Langsam [Slowly], A-flat major (Gesamtausgabe fragment 3) (1900/01) (piano)

8 Brettllieder [8 Cabaret songs] (1901) (soprano, piccolo, trumpet, snare drum, piano)

Gurre Lieder [Songs of Gurre] (1901/11) (6 solo voices, multiple choruses, orchestra)

Pelleas und Melisande [Pelleas and Melisande], op. 5 (1902/03) (orchestra)

Deinem Blick mich zu bequemen [To submit to your sweet glance] (1903) (voice, piano)

Schubert: Rosamunde, Fürstin von Zypern: incidental music, D. 797 (arr. Arnold Schoenberg, 1903?: piano 4 hands)

8 Lieder [8 Songs], op. 6 (1903/05) (soprano, piano)

Quartet no. 1, D minor, op. 7 (1904/05) (2 violins, viola, violoncello)

6 Lieder [6 Songs], op. 8 (1903/05) (voice, orchestra)

Ein Stelldichein [A rendezvous] (1905) (oboe, clarinet, piano, violin, violoncello)

O daß der Sinnen doch so viele sind! [Oh, the senses are too numerous!] (Bärenreiter I) (April? 1905) (4 voices)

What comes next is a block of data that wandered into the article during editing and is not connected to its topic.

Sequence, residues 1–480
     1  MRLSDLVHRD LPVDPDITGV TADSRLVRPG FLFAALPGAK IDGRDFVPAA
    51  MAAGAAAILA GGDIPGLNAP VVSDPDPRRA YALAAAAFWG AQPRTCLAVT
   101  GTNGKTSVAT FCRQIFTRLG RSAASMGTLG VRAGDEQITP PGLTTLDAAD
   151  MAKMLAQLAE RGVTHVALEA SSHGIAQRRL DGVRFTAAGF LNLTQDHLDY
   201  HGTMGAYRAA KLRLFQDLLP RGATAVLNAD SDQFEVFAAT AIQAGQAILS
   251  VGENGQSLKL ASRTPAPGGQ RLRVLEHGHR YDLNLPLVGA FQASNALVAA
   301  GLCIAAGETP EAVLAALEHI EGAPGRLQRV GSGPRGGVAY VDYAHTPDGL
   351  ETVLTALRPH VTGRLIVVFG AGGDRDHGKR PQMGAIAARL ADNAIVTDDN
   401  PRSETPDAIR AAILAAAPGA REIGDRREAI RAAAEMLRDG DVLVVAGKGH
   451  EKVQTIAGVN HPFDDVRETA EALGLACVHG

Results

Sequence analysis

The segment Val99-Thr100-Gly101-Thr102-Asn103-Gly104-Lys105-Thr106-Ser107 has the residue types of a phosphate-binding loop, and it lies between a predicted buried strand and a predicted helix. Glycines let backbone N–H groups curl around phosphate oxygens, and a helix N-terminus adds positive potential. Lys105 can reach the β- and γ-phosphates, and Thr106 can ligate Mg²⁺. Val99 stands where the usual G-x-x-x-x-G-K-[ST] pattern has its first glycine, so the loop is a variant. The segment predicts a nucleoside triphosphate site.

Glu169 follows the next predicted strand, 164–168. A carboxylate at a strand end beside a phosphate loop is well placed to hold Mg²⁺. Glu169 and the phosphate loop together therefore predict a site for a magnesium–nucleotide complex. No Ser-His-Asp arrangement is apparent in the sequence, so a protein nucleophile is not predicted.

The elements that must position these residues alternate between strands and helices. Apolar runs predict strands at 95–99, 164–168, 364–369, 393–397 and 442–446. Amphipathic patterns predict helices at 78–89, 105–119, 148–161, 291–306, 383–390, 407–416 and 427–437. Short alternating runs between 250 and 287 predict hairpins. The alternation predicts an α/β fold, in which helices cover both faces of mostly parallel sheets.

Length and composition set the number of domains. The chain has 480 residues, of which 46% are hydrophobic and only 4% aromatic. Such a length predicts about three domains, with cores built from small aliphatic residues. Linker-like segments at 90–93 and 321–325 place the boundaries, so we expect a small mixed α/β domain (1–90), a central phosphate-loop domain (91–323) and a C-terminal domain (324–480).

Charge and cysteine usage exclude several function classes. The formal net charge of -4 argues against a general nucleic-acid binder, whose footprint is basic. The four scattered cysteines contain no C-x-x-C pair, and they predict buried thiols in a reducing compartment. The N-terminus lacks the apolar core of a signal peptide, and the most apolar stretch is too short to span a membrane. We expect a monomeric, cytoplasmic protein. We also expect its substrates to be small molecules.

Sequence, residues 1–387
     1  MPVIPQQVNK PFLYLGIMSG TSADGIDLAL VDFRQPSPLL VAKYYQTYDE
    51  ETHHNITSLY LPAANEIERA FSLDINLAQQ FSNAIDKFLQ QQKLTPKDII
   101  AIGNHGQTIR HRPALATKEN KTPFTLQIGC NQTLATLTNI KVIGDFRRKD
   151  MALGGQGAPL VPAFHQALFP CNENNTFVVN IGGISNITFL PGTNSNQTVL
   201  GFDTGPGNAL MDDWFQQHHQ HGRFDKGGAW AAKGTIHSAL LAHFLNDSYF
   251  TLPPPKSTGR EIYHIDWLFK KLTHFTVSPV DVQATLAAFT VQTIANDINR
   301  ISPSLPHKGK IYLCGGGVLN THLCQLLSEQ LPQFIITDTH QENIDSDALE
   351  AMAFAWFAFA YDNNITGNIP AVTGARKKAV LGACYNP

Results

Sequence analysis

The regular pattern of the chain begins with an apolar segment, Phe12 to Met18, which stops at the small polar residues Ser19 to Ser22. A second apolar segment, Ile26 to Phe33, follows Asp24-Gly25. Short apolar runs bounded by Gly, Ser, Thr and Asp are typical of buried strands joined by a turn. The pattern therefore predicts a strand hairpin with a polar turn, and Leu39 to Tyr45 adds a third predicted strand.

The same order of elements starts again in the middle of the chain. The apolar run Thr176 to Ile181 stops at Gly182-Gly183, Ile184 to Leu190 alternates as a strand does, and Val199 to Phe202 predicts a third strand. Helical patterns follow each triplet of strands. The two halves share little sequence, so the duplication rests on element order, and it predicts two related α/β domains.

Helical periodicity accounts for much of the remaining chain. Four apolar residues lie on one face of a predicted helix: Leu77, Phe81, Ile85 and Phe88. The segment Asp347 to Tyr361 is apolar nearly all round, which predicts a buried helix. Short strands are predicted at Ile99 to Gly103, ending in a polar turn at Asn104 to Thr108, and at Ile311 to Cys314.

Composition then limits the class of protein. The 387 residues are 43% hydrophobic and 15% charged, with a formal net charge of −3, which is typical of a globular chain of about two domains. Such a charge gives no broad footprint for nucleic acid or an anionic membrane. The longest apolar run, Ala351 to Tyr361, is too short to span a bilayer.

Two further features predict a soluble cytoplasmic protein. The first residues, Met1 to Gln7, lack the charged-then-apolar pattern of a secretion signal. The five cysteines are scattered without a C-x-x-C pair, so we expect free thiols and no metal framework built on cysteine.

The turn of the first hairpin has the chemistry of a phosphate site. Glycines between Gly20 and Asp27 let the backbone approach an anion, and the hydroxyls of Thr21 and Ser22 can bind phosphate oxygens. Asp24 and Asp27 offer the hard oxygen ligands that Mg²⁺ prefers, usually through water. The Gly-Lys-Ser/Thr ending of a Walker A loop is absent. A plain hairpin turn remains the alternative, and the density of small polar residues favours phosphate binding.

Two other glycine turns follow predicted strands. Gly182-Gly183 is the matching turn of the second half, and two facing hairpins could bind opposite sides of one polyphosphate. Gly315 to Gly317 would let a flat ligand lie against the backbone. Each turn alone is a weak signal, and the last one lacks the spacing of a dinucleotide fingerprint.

Wenn der schwer Gedrückte klagt [When the sore oppressed complains] (Bärenreiter II) (April? 1905) (4 voices)

Wenig bewegt, sehr zart [Calmly, very gentle], B-flat major (Gesamtausgabe fragment 4) (1905/06) (piano)

Kammersymphonie [Chamber symphony] no. 1, op. 9 (1906)

Quartet no. 2, F-sharp minor, op. 10 (1907/08) (soprano, 2 violins, viola, violoncello)

3 Stücke [3 Pieces], op. 11 (1909) (piano)

2 Balladen [2 Ballads], op. 12 (1906) (voice, piano)

Friede auf Erden [Peace on earth], op. 13 (1907) (chorus)

2 Lieder [2 Songs], op. 14 (1907/08) (voice, piano)

15 Gedichte aus Das Buch der hängenden Gärten by Stefan George, op. 15 (1908/09) (voice, piano)

Am Strande [At the seashore] (1909) (voice, piano)

5 Stücke [5 Pieces], op. 16 (1909) (orchestra)

Erwartung [Expectation], op. 17 (1909) (soprano, orchestra)

2 Stücke [2 Pieces] (Gesamtausgabe fragments 5a & 5b) (1909) (piano)

Stück [Piece] (Gesamtausgabe fragment 6) (1909) (piano)

Stück [Piece] (Gesamtausgabe fragment 7) (1909) (piano)

Stück [Piece] (Gesamtausgabe fragment 8) (ca. 1910) (piano)

Die Glückliche Hand [The lucky hand], op. 18 (1910/13) (baritone, 2 mute roles, chorus, orchestra) *

3 kleine Orchesterstücke [3 Little orchestra pieces] (1910)